What happens when you store cheese in plastic wrap?
Good question! This is a hotly debated topic, and everyone has an opinion. I welcome the opportunity to shine a spotlight on the complexities of the answer.The effect that plastic wrap has on cheese varies depending on the type of cheese. The rind is the most important thing to consider. Bloomy rinds and washed rinds, both full of microbes going about their business of ripening the paste, are quite fragile and will have a tough time with plastic wrap. The wrap cuts off the precious oxygen supply these rinds need to be healthy. Long periods of time spent in plastic will kill off those friendly colonies, making the surface of the cheeses slimy and smelly—the wrong kind of smelly. The rind can become discolored, most noticeably a damp, rusty look on the bloomies.
Hard cheeses, rinded or not, can also suffer from plastic wrap due to light oxidation. The light that shines through discolors the paste and creates that nasty crayon-like off-flavor. That flavor is often blamed on the plastic itself, but I beg to differ. I chewed plastic wrap doing research for this article, both plain and heated up, and it is itself flavorless. No studies have been done on the interaction of the fat in the paste and plastic and whether that creates a bad flavor. The most obvious explanation to the conundrum of this dreaded off-flavor is light damage.
It is important to note that these things occur only with extended use of the plastic. While it’s not ideal, plastic remains the single most accessible answer to cheese storage. If you’re able to get it, cheese paper is a marvelous thing, offering oxygen access and reasonable moisture regulation for a short amount of time.
But the easy solution? Buy cheese in small quantities, often. Eat it and go buy more.
Special thanks to cheesemonger Liz Nerud of Kowalski’s for her answer!
4 thoughts on “Ask the Monger: What Happens When You Store Cheese in Plastic Wrap?”
Thank you for taking time to describe the protocols at your shop! I like the idea that you are so careful with your rinds. They do need to breathe, although some are sturdier than others. The main thing is to have an understanding of what the basic science is behind a given rind and give it what it wants!
Thank you for your comments on the date issue, I offered my perspective in my reply to our sister-in-cheese Gillian.
Take it cheesy,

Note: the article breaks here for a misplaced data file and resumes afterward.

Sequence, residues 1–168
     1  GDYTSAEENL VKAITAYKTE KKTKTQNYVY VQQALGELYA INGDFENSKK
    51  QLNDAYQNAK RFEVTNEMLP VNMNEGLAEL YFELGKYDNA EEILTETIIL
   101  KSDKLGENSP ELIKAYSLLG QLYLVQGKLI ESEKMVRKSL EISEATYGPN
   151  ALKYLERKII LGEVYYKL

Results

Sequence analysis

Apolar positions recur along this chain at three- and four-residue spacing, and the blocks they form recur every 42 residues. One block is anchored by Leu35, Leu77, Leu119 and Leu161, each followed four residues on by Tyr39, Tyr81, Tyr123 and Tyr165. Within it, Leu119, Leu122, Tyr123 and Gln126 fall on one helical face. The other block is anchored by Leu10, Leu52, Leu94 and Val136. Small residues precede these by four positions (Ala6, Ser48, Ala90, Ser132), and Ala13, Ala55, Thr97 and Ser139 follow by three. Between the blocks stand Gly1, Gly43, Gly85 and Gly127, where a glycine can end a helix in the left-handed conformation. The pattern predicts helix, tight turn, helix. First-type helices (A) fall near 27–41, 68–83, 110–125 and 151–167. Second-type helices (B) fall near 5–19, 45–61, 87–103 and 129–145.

Hello Gillian! Thank you so much for taking the time to reply to the article! It sounds like you have a lovely shop and your respect for the cheese is clear. Your customer service sounds lovely! I bet it’s a pleasure to shop at your place.
The procedures you describe sound very reasonable, and your advice to your customers is spot on! I appreciate that you are mindful of the dates, as is the other commenter, Michael. I use dates to assess the condition of the cheese, and take them as suggestions rather than the final word on whether a cheese is past its prime. As I described in my answer above, cheeses vary so greatly in their requirements for care, it is up to us as cheesemongers to carefully observe and nurture them.
Thanks again for your kind words!
Your friend in Cheese,
Cheesemonger in Switzerland here. All of my cheeses are stored in my display in cling film of course (otherwise clients can’t see them!) but I tend to to have the cut surfaces tightly wrapped and the rinds loosely wrapped with some gaps so the rinds don’t sweat. When customers ask how long they can keep cheese I also tell them to buy smaller amounts more regularly and let us professionals worry long term storage.
Re Gillians comment about dates, I generally ignore them. I’m more interested in the production date and use a guide from the producers about how the cheese might be at certain ages. The “Best Before” dates are the main reason for so much food waste – I often find a cheese is vastly improved at 2 – 3 months beyond the BBF date.
Regards from Zürich!
I work as a cheesemonger for a store. We sell quite a variety ofcheeses and i find it so pleasurable when i cut portions of cheese on the clients request.
We have been using white cheesepaper but only last week we changed to brown. We wrap the customers cheese in this but the remainder of the cheese is wrapped in clingfilm including Bries, Delice De Burgoigne various cheddars and other soft cheeses, smoked cheese Lancashires etc etc.
Hopefully we are doing the right thing. The cheese never comes to any harm wrapped in this way.
They obviously have their dates which we are meticulous about!!!!!! We tell the customer to wrap the cheese really well before they place it in their fridge. We do try to encourage them not to wrap it in clingfilm as certain cheeses will ‘sweat’. It was great reading your article!!!!! More please.